1. Continuously and systematically monitoring in order to provide prompts during restitution or positive practice. When behaviors occur at a high rates, differential reinforcement procedures such as DRO, DRI may be a better option, instead of overcorrection. Whenever possible reinforce incompatible behavior, or behaviors that cannot occur at the same time as the problem behavior. (i.e. having hands in lap cannot happen at same time as scratching you)

2. The person may, and can often times be expected to, refuse to cooperate at first. They may be disruptive such as cry, scream, and whine or even escalate to physically aggressive behaviors. This can be reduced by being prepared, offering limited structured choices, or having students setting overcorrection as part of a goal for changing their behavior. The use of positive verbal prompts and authority statements as well as providing time-out first or during overcorrection helps to minimize disruptions. Consistently applying the intervention helps reduce problems in the long term.

3. Selecting and implementing restitutional and positive practice activities can be difficult at times. Considerations must be made for the behavior of concern, the environment, time, availability of staff, materials, etc.

4. If not careful, overcorrection procedures can inadvertently increase the frequency, duration, or intensity of an inappropriate behavior as well as collateral behaviors. An initial increase of behavior or other similar behaviors is sometimes likely due to reinforcing effects created by the amount of attention associated with these interventions. Make sure to provide minimal positive feedback and attention during overcorrection. Also, be sure that this is not the only opportunity the person has to access social forms of reinforcement.

5. Make the practice as closely related to the type of misbehavior as possible. A child may break an item in the classroom and may not be able to replace it, but he could pick up the pieces. He doesn’t just sit against the wall at recess to “think about it”.

6. Keep observation notes and records, data is essential to determining the success or failure of your intervention.

7. Have I mentioned the word positive (not to be confused with reinforcing)? An intervention that is negative and aversive may reduce problematic behaviors. However, the chances of teaching new replacement behaviors are less likely since punishment procedures alone do not teach behaviors. There is also a risk of new misbehaviors or an increase escape/avoidance behaviors as a result of aversive interventions. Remember our interventions should never cause harm.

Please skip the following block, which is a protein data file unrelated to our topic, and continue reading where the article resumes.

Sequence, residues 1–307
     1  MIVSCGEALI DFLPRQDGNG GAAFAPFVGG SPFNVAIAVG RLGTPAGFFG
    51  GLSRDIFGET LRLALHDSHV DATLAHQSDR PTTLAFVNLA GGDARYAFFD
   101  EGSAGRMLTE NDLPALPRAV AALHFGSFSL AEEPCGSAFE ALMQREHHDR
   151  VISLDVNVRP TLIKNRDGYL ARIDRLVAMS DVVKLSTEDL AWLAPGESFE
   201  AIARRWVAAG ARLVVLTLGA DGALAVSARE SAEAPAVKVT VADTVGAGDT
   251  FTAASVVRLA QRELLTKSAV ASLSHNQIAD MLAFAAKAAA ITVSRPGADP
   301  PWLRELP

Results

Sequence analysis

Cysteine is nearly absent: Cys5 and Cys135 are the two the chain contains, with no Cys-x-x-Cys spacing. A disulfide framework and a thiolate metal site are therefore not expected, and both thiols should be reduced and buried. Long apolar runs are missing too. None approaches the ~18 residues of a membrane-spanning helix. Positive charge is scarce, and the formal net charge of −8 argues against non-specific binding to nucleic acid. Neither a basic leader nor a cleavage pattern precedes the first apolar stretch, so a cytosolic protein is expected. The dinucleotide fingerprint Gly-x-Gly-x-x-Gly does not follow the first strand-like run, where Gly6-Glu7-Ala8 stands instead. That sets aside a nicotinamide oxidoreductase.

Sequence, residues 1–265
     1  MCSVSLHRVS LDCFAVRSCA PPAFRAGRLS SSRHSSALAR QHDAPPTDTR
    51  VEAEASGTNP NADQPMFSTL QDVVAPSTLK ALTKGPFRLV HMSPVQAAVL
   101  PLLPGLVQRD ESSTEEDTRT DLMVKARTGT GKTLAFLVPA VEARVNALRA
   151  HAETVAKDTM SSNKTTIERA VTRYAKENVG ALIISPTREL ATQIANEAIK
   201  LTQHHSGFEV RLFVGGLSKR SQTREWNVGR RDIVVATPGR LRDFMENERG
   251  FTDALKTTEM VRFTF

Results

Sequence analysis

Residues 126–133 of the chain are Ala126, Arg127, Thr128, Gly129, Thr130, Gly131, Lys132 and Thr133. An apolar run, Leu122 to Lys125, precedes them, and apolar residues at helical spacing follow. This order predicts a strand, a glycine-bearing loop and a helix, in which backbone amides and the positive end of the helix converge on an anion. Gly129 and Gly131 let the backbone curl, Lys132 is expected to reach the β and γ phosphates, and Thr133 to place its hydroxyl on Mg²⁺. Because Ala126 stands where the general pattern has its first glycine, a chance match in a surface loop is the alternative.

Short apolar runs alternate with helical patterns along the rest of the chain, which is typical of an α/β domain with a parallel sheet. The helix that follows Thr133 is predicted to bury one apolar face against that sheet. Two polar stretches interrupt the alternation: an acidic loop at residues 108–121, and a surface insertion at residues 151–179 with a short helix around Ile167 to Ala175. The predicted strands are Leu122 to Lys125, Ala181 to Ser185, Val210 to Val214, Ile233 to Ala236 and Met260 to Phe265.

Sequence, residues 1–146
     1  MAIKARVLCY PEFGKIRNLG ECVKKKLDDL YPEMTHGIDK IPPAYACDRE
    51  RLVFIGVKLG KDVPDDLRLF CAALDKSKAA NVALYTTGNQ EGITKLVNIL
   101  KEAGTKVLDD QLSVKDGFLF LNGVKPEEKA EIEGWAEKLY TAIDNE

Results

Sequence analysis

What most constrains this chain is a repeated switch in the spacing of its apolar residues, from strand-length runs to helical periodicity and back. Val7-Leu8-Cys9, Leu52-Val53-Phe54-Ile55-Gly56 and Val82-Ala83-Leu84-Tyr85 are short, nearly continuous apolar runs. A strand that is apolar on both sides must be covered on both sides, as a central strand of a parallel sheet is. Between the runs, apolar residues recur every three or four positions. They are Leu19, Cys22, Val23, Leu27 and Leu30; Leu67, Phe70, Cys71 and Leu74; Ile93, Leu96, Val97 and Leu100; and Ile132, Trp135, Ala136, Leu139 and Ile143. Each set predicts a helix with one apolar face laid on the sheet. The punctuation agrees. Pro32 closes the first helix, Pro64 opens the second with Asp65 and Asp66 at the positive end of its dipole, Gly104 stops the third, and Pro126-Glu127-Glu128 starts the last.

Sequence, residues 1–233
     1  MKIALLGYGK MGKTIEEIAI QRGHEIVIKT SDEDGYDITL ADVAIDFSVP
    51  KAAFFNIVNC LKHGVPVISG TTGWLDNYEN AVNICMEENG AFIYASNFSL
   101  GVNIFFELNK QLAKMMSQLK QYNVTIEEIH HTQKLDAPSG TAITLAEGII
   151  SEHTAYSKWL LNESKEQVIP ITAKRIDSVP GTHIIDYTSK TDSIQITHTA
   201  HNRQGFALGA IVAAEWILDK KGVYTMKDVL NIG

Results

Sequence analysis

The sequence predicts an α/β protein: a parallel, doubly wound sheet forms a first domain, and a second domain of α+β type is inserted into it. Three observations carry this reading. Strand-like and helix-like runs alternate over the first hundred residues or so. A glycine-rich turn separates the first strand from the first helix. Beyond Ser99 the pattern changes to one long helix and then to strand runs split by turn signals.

I have used positive practice to train students to use their calming strategies. For example, when they practice using their strategies in a contrived “time out” or self initiated break situation, they receive acknowledgement and positive attention for doing so. A student might use this as they feel a problem is about to occur or they might use it to stop a violent behavior. This strategy could be used prior to an event and help prevent other, and possibly more aversive interventions. It’s also great as a follow up to an apology. An apology is more readily accepted when you “Back it Up”!

This is not intended nor shall it be misconstrued as advice. As always, before engaging in any any major behavior change program you should consult an expert or highly trained professional such as a Board Certified Behavior Analyst.

References

Cooper, J. O., Heron, T. E., &; W. L. Heward. (2007) Applied behavior analysis Second Edition. Upper Saddle River, NJ. Pearson Education Inc.

Love and Logic http://www.loveandlogic.com

Who’s in Control?

This is a common theme that surfaces in my discussions with teachers and administrators. I felt it important to share again, since it often times seems more difficult for the adults to give up or share control than it is for children. It’s a somewhat more mentalistic perspective than I normally present, but sometimes doing the work starts with mindset.

imageIf you’re anything like me, you may have a difficult time controlling all the parts of your own life. If you have to control another person’s life on top of that, you’re going to get tired very quickly. Throw in a classroom of little lives to control and you’re on the rode to a breakdown sooner rather than later! As parents and teachers we often battle over control with our kids and students. I admit there are many times that I can be found guilty of the crime of power hunger. The hardest part about power and control is recognizing whether you have too much of it or too little. Our behavior tends to give us subtle hints even when we aren’t overtly thinking about it. We usually react when there is an imbalance of control whether we consciously realize it or not.

Often times we talk about children choosing behavior for control. We need to consider that control can take on more than one form. When looking at patterns of behavior, we have to answer the question, is the child attempting to gain control or does he already have it? We frequently feel the need to take charge and remove all opportunities for control. Having an iron fist of control in the classroom or at home is much like squeezing putty in your hands, as you squeeze tighter the putty inevitably seeps out. However by attempting to exert all the power and control you unintentionally lose it. In an attempt to hoard all opportunities for control, you create a condition in which the children make every attempt to gain some semblance of control in their lives.